Paul Kaputska has the best wrap-up of the 700 MHz press releases and statements online, with comments from major players. Rick Whitt is polite and welcoming, noting the progress that's been made (who would have thought any move towards unlocking devices from networks was possible?) while saying it would have been better to have included wholesale requirements. But while even mainstream media was (finally) focusing on the moderate, incremental, and possibly hopelessly unenforceable (and ultimately meaningless) steps taken by the FCC today in announcing its auction rules, something else happened. more»

Other Plans: WiMAX, Google, Sprint and Clearwire

Someone asked me a question today about Google's new partnership with Sprint. Sprint/Nextel is the third largest wireless carrier in the U.S., falling far behind Verizon and AT&T -- who together control 51% of the wireless market. (Sprint services are also resold by Comcast and Time Warner as part of their packages.) Sprint has announced it won't bid in the 700 MHz auction. Sprint has other plans... more»

Net Neutrality Reflection

So this afternoon my charge is to lay out all the Net Neutrality (NN) issues to a bar association that doesn't have a telecom subcommittee... Cringely says that "In the end the ISPs [network providers] are going to win this [network neutrality] battle, you know. The only thing that will keep them from doing that is competition, something it is difficult to see coming along anytime soon..." more»

Ed Richards of Ofcom on Net Neutrality

Ed Richards, Chief Executive of Ofcom, was at Columbia today... NN (Net Neutrality) debate does give us insight into importance of disclosure to consumers -- consumers should be able to switch providers, and they should know which ISPs are making prioritization decisions. This should be an obligation of suppliers to communicate this information to consumers. In particular, he says that Ofcom is actively exploring whether network operators whose traffic shaping activities change materially should have to tell consumers -- and if these changes are significant consumers should be allowed to break their contracts with the provider without penalty... more»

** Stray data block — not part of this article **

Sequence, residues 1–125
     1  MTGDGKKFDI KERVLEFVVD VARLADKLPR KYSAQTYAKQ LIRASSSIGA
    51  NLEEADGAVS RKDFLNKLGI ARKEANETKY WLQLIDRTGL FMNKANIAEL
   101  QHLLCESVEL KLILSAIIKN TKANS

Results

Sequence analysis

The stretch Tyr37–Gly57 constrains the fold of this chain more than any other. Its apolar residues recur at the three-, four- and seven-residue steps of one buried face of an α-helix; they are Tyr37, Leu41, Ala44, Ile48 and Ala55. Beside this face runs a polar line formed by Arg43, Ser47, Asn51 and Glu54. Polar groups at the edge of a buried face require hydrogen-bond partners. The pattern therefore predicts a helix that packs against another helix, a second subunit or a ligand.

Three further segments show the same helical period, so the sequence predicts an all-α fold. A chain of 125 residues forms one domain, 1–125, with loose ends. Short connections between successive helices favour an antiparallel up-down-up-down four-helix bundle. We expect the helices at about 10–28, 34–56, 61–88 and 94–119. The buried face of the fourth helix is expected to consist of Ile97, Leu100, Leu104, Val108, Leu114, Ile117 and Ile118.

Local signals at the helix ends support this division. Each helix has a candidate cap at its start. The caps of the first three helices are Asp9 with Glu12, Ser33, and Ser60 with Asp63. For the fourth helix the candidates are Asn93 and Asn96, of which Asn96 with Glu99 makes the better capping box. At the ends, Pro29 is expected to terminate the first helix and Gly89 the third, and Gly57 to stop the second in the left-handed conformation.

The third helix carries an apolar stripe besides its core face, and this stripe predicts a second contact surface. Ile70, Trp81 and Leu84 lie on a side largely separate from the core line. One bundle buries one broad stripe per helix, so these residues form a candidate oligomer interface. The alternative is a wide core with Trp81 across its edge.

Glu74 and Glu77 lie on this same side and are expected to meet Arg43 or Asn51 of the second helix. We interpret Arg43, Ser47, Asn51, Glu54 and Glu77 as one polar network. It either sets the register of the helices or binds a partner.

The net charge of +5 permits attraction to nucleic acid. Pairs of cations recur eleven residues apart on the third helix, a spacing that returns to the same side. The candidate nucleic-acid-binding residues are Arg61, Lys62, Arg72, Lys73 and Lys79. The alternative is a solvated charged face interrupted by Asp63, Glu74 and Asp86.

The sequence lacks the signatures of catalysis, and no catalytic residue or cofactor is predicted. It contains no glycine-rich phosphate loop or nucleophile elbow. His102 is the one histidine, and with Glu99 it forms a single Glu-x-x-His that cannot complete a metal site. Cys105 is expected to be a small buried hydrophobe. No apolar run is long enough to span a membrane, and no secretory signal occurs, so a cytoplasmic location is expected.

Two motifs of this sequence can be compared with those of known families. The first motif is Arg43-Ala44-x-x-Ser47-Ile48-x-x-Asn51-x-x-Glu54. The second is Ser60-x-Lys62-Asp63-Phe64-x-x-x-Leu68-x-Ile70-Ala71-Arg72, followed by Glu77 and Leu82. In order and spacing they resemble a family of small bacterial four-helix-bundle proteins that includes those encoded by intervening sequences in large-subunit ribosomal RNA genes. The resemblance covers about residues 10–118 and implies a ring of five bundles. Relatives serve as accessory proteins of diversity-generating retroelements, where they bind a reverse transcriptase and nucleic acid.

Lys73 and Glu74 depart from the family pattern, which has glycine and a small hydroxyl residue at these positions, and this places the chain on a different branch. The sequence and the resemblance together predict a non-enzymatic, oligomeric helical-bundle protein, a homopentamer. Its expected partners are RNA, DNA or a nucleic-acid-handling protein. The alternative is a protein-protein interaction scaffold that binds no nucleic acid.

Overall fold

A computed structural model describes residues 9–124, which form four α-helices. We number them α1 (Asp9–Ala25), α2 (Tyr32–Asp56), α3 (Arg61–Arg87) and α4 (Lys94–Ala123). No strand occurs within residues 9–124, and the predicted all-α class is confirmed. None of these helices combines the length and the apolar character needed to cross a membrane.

Why I Voted for .XXX

The ICANN Board voted today 9-5, with Paul Twomey abstaining, to reject a proposal to open .xxx. This is my statement in connection with that vote. I found the resolution adopted by the Board (rejecting xxx) both weak and unprincipled... I am troubled by the path the Board has followed on this issue since I joined the Board in December of 2005. I would like to make two points. First, ICANN only creates problems for itself when it acts in an ad hoc fashion in response to political pressures. Second, ICANN should take itself seriously as a private governance institution with a limited mandate and should resist efforts by governments to veto what it does. more»

IP Address Intelligence Burdening Content Providers with Regional Laws?

I've been looking into IP address filtering by content providers. I understand that IP addresses can be attached with confidence to geographical locations (at the country level, at least) about 80% of the time. You have to make up the rest with heuristics. So there are companies that are in the business of packaging those geolocation heuristics for sites. ...How widely are these services used? ...does it now make sense to put content sites to the burden of complying with the laws applicable to the people/machines they know are visiting them? more»

ICANN and the DOC

ICANN today issued a press release and a series of documents about its relationship with the U.S. Department of Commerce. ...ICANN is no longer bound by the specific set of milestones that were in its prior MoU with DOC. With this freedom comes great responsibility. Without detailed government oversight, and without market competition for policymaking for domain names, ICANN (and the ICANN Board) has a great obligation to be accountable to its community. more»